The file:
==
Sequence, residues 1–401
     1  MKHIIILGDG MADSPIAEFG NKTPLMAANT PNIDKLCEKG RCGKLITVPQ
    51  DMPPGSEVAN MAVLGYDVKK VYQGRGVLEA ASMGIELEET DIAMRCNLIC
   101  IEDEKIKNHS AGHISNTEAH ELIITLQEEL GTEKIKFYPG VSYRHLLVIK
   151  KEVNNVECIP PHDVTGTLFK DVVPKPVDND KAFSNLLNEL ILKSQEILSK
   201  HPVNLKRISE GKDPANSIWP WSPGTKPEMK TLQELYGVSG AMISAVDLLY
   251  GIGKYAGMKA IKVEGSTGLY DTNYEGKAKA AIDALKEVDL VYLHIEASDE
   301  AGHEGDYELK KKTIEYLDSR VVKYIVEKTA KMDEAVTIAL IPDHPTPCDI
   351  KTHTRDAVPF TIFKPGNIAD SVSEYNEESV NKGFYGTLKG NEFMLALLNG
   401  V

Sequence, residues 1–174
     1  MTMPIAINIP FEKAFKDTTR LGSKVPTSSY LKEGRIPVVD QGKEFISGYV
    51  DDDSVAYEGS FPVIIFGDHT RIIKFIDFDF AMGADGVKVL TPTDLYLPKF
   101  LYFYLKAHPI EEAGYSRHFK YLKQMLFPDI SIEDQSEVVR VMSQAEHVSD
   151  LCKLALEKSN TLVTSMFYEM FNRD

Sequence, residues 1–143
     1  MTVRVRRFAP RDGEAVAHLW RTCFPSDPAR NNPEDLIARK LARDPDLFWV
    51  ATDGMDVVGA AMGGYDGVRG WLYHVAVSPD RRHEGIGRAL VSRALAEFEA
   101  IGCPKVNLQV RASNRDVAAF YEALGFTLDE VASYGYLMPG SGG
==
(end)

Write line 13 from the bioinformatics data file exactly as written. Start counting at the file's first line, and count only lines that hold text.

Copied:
    51  DDDSVAYEGS FPVIIFGDHT RIIKFIDFDF AMGADGVKVL TPTDLYLPKF